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Utah Jazz mailbag: What seeding order in the West would be best for a Jazz playoff run?

Jazz beat writer Sarah Todd fields fans’ questions as the Jazz brace for the home stretch

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Jazz coach Quin Snyder talks to his team in the final moments of a game against Memphis in March 2021.

Utah Jazz head coach Quin Snyder talks to the team in the final second of the game against the Memphis Grizzlies at Vivint Arena in Salt Lake City on Friday, March 26, 2021. A Jazz-Grizzlies first-round playoff matchup could be in the cards this season.

Spenser Heaps, Deseret News

Soon we are all going to be looking at the calendar and realizing that there is just a month left in the regular season, which wraps up for the Jazz on Sunday, May 16.

Before we make it to the home stretch, it seems like the right time to check in with the fans and see what’s on everyone’s mind. It’s time for a Utah Jazz mailbag.

Obviously there are a lot of things that could happen between now and the end of the season and the Jazz are not guaranteed the top seed in the West. But, here is what I think would be the most advantageous Western Conference seeding situation for the Jazz as well as being something that is plausible and entertaining at the same time.

1. Utah Jazz
2. Phoenix Suns
3. Los Angeles Clippers
4. Denver Nuggets
5. Portland Trail Blazers
6. Los Angeles Lakers
7. Dallas Mavericks
8. Memphis Grizzlies

This seeding order would mean that the Jazz would face the Grizzlies in the first round and the Jazz recently beat the Grizzlies three times in a six-day span, so I feel pretty confident they would win a seven-game series against Mike Conley’s former team.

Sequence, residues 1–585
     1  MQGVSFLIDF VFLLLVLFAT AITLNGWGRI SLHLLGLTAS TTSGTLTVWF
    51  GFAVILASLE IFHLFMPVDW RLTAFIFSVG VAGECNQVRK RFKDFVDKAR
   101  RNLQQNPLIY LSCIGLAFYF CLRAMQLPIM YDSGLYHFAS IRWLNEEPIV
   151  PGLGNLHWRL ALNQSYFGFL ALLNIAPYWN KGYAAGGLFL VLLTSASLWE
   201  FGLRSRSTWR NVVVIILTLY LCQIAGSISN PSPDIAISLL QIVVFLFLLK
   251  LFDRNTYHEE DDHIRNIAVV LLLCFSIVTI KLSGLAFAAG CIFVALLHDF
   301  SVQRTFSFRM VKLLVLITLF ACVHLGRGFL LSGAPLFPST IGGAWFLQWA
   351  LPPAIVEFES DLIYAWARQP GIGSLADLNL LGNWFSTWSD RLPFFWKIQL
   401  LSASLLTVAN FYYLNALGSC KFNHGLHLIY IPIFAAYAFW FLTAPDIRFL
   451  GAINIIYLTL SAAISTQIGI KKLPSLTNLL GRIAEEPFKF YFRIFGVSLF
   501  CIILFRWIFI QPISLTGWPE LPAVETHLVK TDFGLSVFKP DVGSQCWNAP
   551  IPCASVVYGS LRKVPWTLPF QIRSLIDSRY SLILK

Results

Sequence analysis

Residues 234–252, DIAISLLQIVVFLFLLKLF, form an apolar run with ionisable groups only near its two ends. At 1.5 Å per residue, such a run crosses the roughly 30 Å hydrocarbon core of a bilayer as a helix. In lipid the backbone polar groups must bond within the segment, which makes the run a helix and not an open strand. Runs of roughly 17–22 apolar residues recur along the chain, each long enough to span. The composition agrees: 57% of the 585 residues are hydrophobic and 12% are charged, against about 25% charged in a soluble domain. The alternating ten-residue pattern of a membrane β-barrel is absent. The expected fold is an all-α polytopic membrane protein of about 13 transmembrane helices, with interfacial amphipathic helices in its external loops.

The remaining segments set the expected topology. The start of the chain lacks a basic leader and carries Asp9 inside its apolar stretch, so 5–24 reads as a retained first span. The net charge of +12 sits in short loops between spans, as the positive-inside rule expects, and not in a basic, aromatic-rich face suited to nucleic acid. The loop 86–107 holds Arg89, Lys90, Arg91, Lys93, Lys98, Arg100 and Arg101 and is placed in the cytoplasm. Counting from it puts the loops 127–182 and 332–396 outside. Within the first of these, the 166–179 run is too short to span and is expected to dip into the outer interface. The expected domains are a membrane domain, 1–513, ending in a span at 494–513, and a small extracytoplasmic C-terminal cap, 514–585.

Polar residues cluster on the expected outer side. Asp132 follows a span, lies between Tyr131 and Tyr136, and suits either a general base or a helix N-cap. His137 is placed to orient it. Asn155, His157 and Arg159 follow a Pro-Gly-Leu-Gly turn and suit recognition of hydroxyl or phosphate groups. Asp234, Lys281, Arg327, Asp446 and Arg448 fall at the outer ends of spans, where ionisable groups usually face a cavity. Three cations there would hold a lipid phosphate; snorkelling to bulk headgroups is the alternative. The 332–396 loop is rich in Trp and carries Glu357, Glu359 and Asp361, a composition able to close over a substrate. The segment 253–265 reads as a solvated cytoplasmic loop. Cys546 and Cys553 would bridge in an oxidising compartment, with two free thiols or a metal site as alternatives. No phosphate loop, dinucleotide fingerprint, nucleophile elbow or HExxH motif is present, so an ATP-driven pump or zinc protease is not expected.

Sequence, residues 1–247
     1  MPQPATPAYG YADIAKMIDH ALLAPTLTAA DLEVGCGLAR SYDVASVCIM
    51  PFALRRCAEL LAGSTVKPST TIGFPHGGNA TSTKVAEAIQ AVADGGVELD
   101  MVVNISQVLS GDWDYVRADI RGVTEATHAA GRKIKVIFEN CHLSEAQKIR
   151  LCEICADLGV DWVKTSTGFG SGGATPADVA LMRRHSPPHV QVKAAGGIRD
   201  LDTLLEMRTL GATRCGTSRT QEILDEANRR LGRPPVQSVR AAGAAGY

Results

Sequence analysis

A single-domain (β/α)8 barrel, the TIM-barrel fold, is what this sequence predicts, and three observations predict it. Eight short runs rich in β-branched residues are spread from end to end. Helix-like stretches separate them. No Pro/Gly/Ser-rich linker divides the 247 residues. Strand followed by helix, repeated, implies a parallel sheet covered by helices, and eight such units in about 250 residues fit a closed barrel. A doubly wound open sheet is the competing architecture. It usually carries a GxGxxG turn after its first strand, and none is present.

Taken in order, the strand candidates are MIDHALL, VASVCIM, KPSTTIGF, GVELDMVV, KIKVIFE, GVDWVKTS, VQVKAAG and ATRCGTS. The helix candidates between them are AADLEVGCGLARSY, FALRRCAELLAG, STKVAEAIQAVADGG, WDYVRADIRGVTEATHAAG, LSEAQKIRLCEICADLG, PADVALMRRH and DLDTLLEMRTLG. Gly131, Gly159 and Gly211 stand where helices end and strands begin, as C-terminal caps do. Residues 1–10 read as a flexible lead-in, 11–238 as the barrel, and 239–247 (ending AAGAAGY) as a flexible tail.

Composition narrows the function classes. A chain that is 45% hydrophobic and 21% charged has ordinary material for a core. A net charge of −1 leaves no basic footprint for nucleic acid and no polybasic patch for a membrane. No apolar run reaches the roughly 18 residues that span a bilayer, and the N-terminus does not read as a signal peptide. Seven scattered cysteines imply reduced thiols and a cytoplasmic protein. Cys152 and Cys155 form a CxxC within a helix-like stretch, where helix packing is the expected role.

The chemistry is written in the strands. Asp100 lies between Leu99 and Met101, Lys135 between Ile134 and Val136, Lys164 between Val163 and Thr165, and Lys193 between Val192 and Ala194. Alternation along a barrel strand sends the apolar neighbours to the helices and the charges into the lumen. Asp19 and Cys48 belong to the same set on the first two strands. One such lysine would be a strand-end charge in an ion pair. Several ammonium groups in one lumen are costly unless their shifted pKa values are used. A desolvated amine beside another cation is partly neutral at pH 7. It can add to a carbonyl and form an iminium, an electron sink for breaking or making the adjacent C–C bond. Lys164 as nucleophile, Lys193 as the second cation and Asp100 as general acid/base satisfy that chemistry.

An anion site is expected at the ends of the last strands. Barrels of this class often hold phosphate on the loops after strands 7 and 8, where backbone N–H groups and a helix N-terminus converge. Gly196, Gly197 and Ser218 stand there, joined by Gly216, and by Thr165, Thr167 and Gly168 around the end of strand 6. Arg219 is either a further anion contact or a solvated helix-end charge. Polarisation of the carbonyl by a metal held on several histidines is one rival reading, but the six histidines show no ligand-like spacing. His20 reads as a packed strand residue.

After that the Jazz would face the winner of the 4-5 matchup between the Nuggets and Blazers. The last time those two teams met in the playoffs, in 2019, the series went to seven games and included a Game 3 that went into quadruple overtime.

The Jazz could certainly hope that the Mavericks and Suns end up in the fourth and fifth spots, which would offer potentially an easier matchup in the second round, but that seems less likely to happen and I think it’s a little too hopeful to end up with an easy path all the way to the Western Conference finals. The second round is very likely to be tough, but manageable.

With any luck for the Jazz’s side of things the Blazers and Nuggets would wear each other out in a long series that would be fun for the rest of us to watch. Maybe the Nuggets get the best of the Blazers this time around and we get a rematch of last year’s playoff matchup between the Nuggets and Jazz, which would give the Jazz a chance to prove that losing a 3-1 lead to the Nuggets was a fluke.

On the other side of the bracket the ideal situation is to have the Clippers and Lakers face one another in the opening round, promising that one of the L.A. powerhouses is knocked out. The winner of that series (most likely the Lakers, as long as Anthony Davis and LeBron James are healthy) would then face the winner of the Mavericks and Suns series.

Again, so long as the Lakers are able to field their full squad at mostly full health, they are very likely to end up in the Western Conference finals. It’s hard to imagine any team getting out of the West without having to face the Lakers in the end. There is a chance that the Lakers could limp into the playoffs a bit without a fully healthy squad, and the Jazz could end up in the West finals facing the Clippers, Mavericks or Suns.

I personally think the Clippers would be the toughest opponent for the Jazz so avoiding that matchup at any stage would be ideal. But honestly, a series against the Suns or Mavericks in the Western Conference finals wouldn’t be nearly as exciting as one against the Clippers or Lakers and beating one of those teams to make it to the Finals would be incredibly sweet for Jazz fans.

I guess that your rooting interest has to choose the side of either the easiest path to the Finals, or beating the best to be the best.